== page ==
Petrol-based chemical silicone found in Silly Putty make up a MacDonalds Fries

qq_whatsinside_fries_f[1]‘Potatoes, thank goodness! That’s a good start,’ former Mythbusters host Grant Imahara says as he goes on to reveal the 13 other ingredients contained in a humble McDonald’s fry.

The TV personality traveled to the fast food chain’s potato processing plant in Idaho to see the production process from start to finish.

During his investigation he found that there are two rounds of frying. 

He also discovered that dimethylpolysiloxane – a form of silicone found in Silly Putty – is used in the making of McDonald’s fries along with a petrol-based chemical called tertiary butylhydroquinone (TBHQ). 

However, he reassures viewers that these are both safe additives used for perfectly good reasons.

Dimethylpolysiloxane, which Imahara struggles to pronounce, is added for safety reasons to prevent cooking oil from foaming.

While tertiary butylhydroquinone (TBHQ) is applied as a food preservative.

Imahara explains that there are numerous steps involved in the creation of McDonald’s fries.

First potatoes are harvested from fields before being peeled, cut and blanched.

They’re then fired through a cutter at up to 70 miles an hour into thin sticks.

After being chiseled into the perfect shape, the strips of potato are sauced with a blend of canola oil, soybean oil, hydrongenated soybean oil, natural beef flavor, hydrolyzed wheat, hydrolyzed milk, citric acid and dimethylpolysiloxane.

Dextrose – a natural sugar – is sprayed on the batons to help them maintain a golden fried color.

Sodium acid pyrophosphate is also added to prevent the fries from going grey.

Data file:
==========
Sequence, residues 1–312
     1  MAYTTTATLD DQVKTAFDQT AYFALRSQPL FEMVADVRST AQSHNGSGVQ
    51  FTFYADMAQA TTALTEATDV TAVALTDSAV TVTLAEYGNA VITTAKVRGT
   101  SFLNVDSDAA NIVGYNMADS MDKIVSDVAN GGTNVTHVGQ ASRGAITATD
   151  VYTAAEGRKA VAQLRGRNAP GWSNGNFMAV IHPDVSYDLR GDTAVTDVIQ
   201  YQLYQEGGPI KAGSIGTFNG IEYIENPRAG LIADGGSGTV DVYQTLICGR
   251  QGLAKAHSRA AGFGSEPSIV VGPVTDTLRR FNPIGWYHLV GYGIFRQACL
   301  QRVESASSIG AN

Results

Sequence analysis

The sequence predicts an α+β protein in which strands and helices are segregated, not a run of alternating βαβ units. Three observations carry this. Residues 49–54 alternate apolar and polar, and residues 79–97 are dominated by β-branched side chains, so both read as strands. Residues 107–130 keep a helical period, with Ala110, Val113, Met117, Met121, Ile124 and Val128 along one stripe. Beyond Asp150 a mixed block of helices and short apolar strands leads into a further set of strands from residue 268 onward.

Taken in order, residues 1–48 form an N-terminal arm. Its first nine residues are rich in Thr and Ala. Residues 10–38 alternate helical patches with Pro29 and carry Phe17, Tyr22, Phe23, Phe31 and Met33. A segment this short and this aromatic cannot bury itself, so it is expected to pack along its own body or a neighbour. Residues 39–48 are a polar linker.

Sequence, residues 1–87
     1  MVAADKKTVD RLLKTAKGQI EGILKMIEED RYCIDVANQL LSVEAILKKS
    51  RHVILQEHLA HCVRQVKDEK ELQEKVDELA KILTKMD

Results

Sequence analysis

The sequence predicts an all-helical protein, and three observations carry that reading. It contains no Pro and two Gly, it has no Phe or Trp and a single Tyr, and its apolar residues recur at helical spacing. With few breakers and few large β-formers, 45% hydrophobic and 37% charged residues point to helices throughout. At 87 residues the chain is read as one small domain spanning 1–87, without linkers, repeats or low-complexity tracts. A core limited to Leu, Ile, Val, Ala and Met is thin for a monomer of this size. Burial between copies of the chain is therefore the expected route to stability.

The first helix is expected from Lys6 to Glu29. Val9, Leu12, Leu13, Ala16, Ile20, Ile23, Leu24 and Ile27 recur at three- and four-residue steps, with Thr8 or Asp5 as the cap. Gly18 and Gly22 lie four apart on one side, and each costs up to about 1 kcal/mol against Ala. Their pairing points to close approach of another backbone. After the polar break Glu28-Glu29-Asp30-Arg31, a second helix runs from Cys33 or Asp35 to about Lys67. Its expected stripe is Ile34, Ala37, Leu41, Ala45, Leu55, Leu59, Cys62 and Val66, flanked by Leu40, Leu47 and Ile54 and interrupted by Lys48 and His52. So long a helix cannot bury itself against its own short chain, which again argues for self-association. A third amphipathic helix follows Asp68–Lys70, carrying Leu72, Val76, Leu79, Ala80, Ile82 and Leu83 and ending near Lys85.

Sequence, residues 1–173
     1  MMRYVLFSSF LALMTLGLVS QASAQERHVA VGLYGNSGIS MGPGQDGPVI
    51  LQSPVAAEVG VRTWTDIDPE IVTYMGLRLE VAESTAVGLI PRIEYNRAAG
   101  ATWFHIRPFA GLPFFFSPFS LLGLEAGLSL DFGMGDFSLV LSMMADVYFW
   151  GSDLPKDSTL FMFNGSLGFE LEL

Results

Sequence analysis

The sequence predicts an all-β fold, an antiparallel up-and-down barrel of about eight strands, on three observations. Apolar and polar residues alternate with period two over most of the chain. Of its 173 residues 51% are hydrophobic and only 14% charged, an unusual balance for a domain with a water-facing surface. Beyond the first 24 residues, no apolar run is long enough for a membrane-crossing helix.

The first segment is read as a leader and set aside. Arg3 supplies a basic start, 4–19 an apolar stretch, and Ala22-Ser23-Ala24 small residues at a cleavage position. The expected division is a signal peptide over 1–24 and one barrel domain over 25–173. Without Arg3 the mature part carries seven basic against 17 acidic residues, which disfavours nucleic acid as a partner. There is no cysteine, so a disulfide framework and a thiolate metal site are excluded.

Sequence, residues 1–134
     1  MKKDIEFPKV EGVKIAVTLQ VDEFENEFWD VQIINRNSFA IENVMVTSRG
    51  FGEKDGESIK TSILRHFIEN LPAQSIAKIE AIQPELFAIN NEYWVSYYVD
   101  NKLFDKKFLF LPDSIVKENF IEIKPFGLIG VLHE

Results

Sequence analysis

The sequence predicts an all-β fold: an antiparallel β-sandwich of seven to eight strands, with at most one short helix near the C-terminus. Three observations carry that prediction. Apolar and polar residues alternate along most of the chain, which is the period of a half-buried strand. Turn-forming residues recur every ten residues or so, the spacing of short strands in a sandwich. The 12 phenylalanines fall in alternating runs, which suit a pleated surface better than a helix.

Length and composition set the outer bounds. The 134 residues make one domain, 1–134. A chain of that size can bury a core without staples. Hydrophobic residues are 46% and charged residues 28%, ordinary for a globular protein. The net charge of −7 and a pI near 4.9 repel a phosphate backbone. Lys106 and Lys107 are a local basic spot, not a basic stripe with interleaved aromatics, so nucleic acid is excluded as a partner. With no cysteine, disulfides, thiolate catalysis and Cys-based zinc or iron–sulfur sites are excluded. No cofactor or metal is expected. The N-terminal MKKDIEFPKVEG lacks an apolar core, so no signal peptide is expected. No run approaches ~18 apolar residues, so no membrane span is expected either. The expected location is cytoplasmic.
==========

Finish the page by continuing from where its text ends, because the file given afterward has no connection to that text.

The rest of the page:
Last but not least, salt is sprinkled on for flavor.

The fries are then flash frozen at the Simplot factory and transported to McDonald’s outlets across the country.

Once they are at restaurants, the potato sticks are fried for a second time.

The oil blend is similar to the factory mix, with the addition of tertiary butylhydroquinone and hydrogenated soybean oil – a manufactured form of trans fat.

And voila! McDonald’s World Famous Fries are served.

A large serving of the finished product contains 510 calories, 6gms of protein, 24gms of fat, 67gms of carbs and 290mgms of sodium.

The recipe for McDonald’s French Fries differs greatly in the UK where it does not include the Hydrogenated Soybean Oil, Canola Oil and, notably, the Dimethylpolysiloxane, according to a study by

McDonald’s digital series ‘Our Food. Your Questions’ comes as the company fights to boost its performance in the U.S., where sales slid at established locations in the last quarter of 2014.

In addition to increased competition, McDonald’s is trying to keep up with changing tastes, with places such as Chipotle marketing their food as more wholesome alternatives.

To improve the image of its food, McDonald’s recently rolled out chicken wraps with sliced cucumbers and the option to substitute egg whites in breakfast sandwiches.

It also plans to eventually let people swap out the French fries in value meals with options like salad or vegetables.

Source:  Sadie Whitelocks

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